Yesterday when my cousin's children left (one to go back to Dallas where she now resides, and the other to his college in Eastern Texas), I got a taste of what it's like to be a parent.
For the better part of the long weekend, we were all together here in Cypress. We went out to eat, caravaning 2-3 cars just to get to the restaurant. We played badminton or threw a football around. We played board games like Jenga and Taboo. We cooked meals together in the kitchen. We shared stories around the dinner table. We were lazily on our phones while sitting on the couch together.
And for the 4-5 days that we were all hanging out, it was a ruckus. People yelling across the house. Random people awake at different times of the day, then dropping off to bed at different points in the night. Kids going in an out of the back door to the yard. Someone coming and going to the store to pickup supplies. It was organized chaos, but it was fun and lively.
Then all of a sudden, on Sunday, it became like the end of a reality tv show like The Jersey Shore or Real World or Road Rules or something like that. All of the other visitors had departed already, and the last 2 kids were getting ready to leave. They packed their bags; picked up supplies from the house pantry; their mom gave them food to take with them. Then one by one, at different times, they would leave, timing their departure in line with the traffic pattern to their final destination.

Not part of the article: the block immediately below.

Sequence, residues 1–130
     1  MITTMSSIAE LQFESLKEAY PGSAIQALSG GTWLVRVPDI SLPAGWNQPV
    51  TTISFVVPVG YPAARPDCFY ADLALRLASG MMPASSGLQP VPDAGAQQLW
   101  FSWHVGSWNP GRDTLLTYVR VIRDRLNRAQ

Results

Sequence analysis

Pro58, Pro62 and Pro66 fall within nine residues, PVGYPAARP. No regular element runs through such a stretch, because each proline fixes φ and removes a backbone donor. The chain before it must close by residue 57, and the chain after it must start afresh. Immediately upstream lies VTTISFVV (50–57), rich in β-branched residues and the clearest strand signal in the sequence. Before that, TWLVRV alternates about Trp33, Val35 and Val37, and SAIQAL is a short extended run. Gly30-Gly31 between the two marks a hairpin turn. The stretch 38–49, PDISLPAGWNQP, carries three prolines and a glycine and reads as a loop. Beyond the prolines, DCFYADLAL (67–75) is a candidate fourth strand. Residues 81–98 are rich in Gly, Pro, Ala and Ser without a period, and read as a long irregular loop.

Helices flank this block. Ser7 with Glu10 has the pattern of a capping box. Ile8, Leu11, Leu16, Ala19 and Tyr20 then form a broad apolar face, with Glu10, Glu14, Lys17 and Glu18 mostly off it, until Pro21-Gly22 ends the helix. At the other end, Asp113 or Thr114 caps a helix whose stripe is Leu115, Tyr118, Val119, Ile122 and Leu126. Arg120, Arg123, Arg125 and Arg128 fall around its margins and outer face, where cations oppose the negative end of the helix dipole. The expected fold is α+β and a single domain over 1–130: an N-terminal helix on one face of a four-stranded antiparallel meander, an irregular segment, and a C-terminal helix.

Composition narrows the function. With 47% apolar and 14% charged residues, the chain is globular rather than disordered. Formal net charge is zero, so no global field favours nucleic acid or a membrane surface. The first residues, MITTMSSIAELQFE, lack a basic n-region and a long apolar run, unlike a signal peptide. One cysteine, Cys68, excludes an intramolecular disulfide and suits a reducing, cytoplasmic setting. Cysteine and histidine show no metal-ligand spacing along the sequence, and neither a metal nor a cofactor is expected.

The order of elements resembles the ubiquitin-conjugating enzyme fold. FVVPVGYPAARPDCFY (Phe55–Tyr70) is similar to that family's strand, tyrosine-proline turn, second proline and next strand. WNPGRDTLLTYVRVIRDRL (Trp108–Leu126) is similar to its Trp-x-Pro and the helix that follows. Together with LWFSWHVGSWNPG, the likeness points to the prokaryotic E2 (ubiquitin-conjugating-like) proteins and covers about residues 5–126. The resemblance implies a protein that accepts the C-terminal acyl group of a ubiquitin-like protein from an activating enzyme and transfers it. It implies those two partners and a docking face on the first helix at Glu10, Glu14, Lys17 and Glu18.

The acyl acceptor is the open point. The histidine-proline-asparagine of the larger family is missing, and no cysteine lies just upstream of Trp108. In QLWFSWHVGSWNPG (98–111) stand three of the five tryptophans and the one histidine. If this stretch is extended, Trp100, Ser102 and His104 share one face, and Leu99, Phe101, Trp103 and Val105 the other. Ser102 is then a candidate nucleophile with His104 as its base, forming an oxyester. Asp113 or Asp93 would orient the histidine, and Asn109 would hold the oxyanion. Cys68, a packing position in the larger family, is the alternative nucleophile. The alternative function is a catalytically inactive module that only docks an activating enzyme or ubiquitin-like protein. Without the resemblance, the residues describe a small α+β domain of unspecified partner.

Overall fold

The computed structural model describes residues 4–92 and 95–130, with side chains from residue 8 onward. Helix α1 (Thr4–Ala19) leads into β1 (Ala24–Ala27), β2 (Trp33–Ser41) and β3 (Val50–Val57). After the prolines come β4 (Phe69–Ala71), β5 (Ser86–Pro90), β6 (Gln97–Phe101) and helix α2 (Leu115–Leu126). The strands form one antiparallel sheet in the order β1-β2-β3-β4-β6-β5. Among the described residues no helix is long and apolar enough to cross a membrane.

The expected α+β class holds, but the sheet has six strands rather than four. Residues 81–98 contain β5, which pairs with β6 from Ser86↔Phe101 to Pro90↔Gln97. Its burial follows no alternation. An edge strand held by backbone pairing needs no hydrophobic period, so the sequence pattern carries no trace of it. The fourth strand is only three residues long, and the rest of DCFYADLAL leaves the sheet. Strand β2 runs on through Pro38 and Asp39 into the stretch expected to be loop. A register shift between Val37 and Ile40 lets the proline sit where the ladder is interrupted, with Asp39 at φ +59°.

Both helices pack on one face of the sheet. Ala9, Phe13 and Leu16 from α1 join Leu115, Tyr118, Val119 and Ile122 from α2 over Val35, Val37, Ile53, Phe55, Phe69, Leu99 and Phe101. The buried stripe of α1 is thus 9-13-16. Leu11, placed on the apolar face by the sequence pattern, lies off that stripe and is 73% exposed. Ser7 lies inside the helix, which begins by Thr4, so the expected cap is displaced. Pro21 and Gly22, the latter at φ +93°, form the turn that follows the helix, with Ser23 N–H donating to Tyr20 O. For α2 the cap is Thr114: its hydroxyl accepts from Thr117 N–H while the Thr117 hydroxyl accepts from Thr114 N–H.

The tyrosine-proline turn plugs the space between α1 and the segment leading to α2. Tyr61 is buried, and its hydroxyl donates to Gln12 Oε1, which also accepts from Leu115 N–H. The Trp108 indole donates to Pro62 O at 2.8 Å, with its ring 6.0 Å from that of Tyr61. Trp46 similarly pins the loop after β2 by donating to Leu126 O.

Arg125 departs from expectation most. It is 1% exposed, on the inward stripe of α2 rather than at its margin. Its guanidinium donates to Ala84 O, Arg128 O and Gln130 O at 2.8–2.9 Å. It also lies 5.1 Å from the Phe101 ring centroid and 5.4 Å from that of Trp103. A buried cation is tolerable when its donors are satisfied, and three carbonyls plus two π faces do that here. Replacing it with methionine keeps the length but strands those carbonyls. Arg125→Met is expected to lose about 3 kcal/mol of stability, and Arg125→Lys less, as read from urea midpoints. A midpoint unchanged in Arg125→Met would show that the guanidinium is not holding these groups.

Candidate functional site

When the first child left, it was a hug and a kiss for everyone around the room, followed by an exit where everyone would clamor through the front door to give a parting wave goodbye as the kid drove down the street. Then the same exact thing happened when the next child left. It was easily a made for tv movie ending and the credits could roll almost immediately.
The house became quiet. The action had left with the visitors and children. And had my wife and I not been here, it would just be the 3 of the family members left in this big brand new house. When the kids left, they took the fun with them. They took the excitement of their lives out the door, and we became the old adults with the boring repetitive lives again.
I imagined that this is what parents feel like. I felt something when they left. It was weird. They're not my kids, but because we're so close it was like a part of me left too. That's got to be what my cousin and her husband felt like. Two-thirds of their kids were off on their own, so two-thirds of themselves were no longer in this house. It's nearly an empty nest. And it's no wonder why parents get the empty nest syndrome. One can easily feel sad or lonely. Luckily for my cousin and her husband, they still have another 8 year old and have many years left before he flies the coop.